A growing number of prescription medications can have serious, sometimes deadly, side effects when mixed with grapefruit, according to a study published this week in the Canadian Medical Association Journal.
Medical News Today (MNT) reports that researchers found more than 85 medications that may have some type of interaction with grapefruit, and that the number of drugs that could cause a dangerous reaction when paired with grapefruit has climbed from 17 to 43 in the past four years.
The report also suggests that health professionals and patients are often unaware of the possible side effects.
MNT explains that furanocoumarins found in grapefruit inhibit the body's CYP3A4 metabolizing enzyme from properly breaking down medications. As a result, more of the drug winds up in the bloodstream, and toxic drug levels or overdose can occur, resulting in:
- respiratory failure
- gastrointestinal bleeding
- bone marrow suppression in patients with weak immune systems
- renal toxicity
- acute kidney failure
- sudden death
ABC News says that as little as "one grapefruit or one 8-ounce glass of grapefruit juice can cause an effect that may last more than 24 hours," and reports the following A-Z partial list of medications believed to interact with grapefruit:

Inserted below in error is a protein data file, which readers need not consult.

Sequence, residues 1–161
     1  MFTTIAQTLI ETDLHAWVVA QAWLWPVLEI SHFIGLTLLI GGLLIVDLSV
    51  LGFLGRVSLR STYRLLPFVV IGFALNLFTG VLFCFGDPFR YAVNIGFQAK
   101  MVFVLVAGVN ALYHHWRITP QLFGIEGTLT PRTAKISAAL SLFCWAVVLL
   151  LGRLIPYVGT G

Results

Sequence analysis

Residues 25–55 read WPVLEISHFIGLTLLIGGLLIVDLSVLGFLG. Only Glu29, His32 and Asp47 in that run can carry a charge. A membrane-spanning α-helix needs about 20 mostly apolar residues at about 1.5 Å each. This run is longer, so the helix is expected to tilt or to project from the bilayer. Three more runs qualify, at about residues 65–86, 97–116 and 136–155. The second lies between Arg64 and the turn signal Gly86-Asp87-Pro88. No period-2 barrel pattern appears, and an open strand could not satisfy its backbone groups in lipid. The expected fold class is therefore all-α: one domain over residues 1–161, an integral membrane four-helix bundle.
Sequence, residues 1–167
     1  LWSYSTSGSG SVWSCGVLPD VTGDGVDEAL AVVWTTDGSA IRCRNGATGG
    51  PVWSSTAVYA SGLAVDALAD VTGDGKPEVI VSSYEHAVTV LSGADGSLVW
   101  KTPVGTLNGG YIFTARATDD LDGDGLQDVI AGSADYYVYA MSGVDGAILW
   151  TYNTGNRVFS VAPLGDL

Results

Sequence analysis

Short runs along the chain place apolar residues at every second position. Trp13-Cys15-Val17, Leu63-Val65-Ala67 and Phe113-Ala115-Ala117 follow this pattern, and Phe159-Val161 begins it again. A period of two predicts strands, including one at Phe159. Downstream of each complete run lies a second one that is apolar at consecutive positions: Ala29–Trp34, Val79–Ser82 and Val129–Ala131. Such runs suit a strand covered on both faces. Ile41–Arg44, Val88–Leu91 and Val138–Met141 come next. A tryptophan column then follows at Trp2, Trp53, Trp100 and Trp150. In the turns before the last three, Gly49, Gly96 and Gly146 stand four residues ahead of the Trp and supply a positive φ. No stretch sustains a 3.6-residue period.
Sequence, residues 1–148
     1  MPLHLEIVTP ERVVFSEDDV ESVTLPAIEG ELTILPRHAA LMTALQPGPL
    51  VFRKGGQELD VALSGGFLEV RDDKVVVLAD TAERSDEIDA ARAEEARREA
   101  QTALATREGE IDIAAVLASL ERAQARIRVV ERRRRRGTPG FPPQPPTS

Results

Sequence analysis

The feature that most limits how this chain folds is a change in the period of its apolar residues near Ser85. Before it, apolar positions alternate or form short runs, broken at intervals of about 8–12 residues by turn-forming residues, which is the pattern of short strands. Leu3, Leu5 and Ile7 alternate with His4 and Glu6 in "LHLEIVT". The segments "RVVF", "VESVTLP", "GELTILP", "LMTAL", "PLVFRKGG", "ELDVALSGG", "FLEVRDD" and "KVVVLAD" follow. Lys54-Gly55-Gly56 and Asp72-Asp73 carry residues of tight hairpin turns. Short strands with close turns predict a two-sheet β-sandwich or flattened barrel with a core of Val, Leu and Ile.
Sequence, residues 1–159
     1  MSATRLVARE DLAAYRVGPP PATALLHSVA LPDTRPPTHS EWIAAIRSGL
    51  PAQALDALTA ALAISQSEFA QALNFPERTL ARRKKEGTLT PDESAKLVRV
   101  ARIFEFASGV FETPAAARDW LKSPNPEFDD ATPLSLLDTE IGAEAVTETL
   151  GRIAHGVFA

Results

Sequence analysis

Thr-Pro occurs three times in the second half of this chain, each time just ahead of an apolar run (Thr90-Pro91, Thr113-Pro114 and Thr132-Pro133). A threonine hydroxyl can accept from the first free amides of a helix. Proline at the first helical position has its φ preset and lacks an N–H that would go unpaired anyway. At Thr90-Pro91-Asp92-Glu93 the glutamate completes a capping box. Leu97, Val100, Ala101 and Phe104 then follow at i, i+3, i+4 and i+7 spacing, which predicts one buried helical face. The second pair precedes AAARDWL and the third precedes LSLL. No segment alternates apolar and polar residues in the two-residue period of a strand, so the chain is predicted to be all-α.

The Mayo Clinic also posts a partial list organized by drug type:
Anti-arrhythmia Amiodarone (Cordarone)
Antidepressant Sertraline (Zoloft)
Antihistamine Fexofenadine (Allegra)
Anti-retroviral Saquinavir (Invirase), indinavir (Crixivan)
Anti-seizure Carbamazepine (Carbatrol, Tegretol)
Calcium channel blocker Nifedipine (Procardia), nimodipine (Nimotop), nisoldipine (Sular)
Immunosuppressant Cyclosporine (Neoral, Sandimmune), tacrolimus (Prograf), sirolimus (Rapamune)
Statin Simvastatin (Zocor), lovastatin (Mevacor), atorvastatin (Lipitor)